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Local authority pays back €80,000 after funding ‘overlap’

Mayo’s proposed velorail will create a circuit for pedal-powered carriages on disused railway lines


A velorail in operation in France

A velorail in operation in France

A velorail in operation in France

Mayo County Council has returned an €80,000 State grant for a local tourism project, after government officials questioned an “overlap” in funding.

The discrepancy emerged after the Department of Rural and Community Development raised questions about a “potential overlap” in public funding of the project — a velorail in Kiltimagh, where pedal-powered carriages run on a railway line.

The department noted that the joint promoters of the scheme, Mayo County Council and a local development company, IRD Kiltimagh, received public funds from “two different sources” totalling €500,000 for elements of the same project.

The department asked Mayo County Council to clarify that there was no overlap in funding.

The local authority found that there was an “overlap”, as both organisations had included the cost of carriages for the velorail in their applications for public funding.

Mayo County Council had received a total of €298,000 from the Outdoor Recreation Infrastructure Scheme in 2016 and 2017.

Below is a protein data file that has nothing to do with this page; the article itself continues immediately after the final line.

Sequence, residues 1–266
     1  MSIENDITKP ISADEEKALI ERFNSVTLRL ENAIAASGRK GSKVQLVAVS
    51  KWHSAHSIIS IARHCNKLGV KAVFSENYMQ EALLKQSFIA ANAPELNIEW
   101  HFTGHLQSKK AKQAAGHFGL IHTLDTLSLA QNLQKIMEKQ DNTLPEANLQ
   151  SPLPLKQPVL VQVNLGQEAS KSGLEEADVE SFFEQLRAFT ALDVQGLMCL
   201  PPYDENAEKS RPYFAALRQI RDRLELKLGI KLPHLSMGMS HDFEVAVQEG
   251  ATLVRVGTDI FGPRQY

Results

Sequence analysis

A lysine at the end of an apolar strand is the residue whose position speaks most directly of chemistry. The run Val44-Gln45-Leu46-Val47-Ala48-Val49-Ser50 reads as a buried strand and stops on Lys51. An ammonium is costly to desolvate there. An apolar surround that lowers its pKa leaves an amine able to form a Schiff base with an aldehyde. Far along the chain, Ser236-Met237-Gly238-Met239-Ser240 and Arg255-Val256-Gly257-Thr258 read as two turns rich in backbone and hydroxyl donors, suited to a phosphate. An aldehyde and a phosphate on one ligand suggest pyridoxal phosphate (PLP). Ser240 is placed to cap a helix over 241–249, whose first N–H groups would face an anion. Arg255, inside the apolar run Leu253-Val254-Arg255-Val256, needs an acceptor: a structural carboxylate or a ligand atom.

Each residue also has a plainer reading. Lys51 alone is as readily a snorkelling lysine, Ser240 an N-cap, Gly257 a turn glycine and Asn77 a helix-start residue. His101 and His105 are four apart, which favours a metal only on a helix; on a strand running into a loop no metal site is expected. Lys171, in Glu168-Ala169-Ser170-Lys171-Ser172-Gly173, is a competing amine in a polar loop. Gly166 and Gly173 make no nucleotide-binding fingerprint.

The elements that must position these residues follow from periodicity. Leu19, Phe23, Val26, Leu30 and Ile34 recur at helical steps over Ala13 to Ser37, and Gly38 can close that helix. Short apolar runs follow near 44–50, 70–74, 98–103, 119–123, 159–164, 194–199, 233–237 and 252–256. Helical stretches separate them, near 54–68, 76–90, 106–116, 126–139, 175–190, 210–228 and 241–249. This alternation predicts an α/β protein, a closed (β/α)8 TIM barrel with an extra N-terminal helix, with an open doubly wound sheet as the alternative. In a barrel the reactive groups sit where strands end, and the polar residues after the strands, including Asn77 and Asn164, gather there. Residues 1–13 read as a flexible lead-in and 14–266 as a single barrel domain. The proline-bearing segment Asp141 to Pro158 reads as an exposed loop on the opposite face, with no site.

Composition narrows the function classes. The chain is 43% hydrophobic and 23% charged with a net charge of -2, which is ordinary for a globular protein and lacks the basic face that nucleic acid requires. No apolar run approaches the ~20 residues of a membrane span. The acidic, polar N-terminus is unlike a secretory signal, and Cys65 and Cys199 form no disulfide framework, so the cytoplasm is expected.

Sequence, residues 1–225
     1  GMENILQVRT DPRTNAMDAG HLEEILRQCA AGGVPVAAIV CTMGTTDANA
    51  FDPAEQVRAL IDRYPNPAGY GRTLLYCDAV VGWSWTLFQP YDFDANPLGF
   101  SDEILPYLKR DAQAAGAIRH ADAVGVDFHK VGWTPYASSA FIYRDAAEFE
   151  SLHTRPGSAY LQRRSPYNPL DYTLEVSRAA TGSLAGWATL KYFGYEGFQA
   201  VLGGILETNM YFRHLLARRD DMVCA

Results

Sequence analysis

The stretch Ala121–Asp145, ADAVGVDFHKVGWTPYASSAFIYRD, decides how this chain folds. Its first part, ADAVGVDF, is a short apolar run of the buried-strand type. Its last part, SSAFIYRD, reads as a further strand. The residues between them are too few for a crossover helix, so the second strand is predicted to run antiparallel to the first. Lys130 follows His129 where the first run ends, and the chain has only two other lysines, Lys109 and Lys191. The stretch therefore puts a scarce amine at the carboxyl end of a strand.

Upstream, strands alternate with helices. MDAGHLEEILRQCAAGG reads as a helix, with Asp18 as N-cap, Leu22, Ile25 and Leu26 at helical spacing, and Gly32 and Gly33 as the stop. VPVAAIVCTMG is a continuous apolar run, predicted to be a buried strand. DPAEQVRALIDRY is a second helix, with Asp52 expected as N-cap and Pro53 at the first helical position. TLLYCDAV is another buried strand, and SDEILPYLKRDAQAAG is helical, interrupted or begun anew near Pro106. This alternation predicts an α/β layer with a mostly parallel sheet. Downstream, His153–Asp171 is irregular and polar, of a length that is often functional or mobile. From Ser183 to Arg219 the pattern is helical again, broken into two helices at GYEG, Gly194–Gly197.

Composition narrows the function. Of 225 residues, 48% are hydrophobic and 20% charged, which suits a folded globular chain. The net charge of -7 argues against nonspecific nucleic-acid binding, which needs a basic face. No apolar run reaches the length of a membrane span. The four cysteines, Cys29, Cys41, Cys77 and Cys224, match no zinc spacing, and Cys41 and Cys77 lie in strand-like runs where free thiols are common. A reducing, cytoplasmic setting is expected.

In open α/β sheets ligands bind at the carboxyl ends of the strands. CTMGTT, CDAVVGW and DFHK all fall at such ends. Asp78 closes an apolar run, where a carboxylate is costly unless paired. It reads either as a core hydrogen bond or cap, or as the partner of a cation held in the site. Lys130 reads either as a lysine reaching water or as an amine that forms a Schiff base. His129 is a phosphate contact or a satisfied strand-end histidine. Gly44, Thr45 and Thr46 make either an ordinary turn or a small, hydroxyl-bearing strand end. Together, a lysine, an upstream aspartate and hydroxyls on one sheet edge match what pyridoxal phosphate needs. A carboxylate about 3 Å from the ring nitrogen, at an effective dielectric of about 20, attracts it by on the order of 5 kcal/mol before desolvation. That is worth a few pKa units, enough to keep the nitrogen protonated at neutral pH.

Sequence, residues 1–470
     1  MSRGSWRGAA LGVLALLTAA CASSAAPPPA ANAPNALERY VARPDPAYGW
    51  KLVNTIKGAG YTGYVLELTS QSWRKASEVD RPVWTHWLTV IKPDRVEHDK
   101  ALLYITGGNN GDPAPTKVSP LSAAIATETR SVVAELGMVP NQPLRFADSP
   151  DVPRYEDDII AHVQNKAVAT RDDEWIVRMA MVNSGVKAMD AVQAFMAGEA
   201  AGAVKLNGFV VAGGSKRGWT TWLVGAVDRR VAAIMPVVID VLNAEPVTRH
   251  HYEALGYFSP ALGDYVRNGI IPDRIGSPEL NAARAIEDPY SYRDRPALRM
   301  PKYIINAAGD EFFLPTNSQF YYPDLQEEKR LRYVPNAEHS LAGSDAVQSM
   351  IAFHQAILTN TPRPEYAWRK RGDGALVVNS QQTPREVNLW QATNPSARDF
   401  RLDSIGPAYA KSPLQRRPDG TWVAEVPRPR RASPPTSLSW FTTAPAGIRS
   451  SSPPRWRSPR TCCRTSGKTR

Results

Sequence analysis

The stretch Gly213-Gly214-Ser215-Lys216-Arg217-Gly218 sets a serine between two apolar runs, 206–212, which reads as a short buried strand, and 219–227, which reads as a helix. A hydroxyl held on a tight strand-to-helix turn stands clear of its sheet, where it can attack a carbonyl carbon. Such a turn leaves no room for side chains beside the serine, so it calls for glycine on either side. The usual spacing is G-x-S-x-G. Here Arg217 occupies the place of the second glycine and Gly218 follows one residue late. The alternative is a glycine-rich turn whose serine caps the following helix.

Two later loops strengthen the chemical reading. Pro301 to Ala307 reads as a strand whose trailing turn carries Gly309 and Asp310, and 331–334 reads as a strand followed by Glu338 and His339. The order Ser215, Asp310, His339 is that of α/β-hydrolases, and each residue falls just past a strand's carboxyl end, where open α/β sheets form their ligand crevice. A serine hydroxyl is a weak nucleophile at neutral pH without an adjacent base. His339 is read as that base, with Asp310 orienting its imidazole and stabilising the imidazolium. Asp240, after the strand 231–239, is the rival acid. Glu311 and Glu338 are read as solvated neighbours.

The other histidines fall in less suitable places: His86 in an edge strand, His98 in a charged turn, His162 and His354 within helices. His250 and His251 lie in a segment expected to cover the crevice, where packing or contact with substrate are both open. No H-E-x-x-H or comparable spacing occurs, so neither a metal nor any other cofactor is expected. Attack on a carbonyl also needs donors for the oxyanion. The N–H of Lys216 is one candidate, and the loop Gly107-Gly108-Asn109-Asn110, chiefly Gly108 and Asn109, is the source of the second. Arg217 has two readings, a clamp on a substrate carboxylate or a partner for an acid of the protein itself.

IRD Kiltimagh received €198,000 in 2019 under the LEADER local funding scheme which was to include the cost of 16 carriages and three turntables.

Mayo County Council calculated the cost of the overlap at €80,000.

The department said the local authority has “recently” repaid the €80,000 while its inspectors launched an “onsite audit” of the funding for the project.

“The findings in respect of this audit were provided to Mayo County Council on July 1.

"A meeting to discuss these findings is currently being arranged between the department and Mayo County Council,” a spokesman for the department said.

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The proposed velorail will create a circuit for pedal powered carriages on disused railway lines. 

The project, which is under construction, received a bigger funding allocation than any other local authority project in 2017, according to records released under the Freedom of Information Act.

In 2017 a senior civil servant noted that the project had the “least compelling case” for additional support. However the funding was approved by then minster and Mayo TD Michael Ring.

EU rules limit the amount of public funding to a company or group promoting a project to €200,000 over three years — the so-called de minimis rule.

However, minutes of the LEADER local action group that approved a grant of €198,000 for the velorail project in 2019 stated that the de minimis rule did not apply because IRD Kiltimagh had previously applied for public funding for the velorail.

In a statement this weekend, IRD Kiltimagh said it had recently received LEADER funding for elements of the velorail project, and that it had not previously received any other public funds for these or any other elements of the velorail project before making the application. It said it remains committed to the completion and operation of the velorail project.

Mayo County Council did not respond to specific questions from this newspaper.

They instead issued a general statement, saying it remains “fully committed to bringing this project to fruition in 2022, subject to adherence to Covid restrictions and public health guidelines.”

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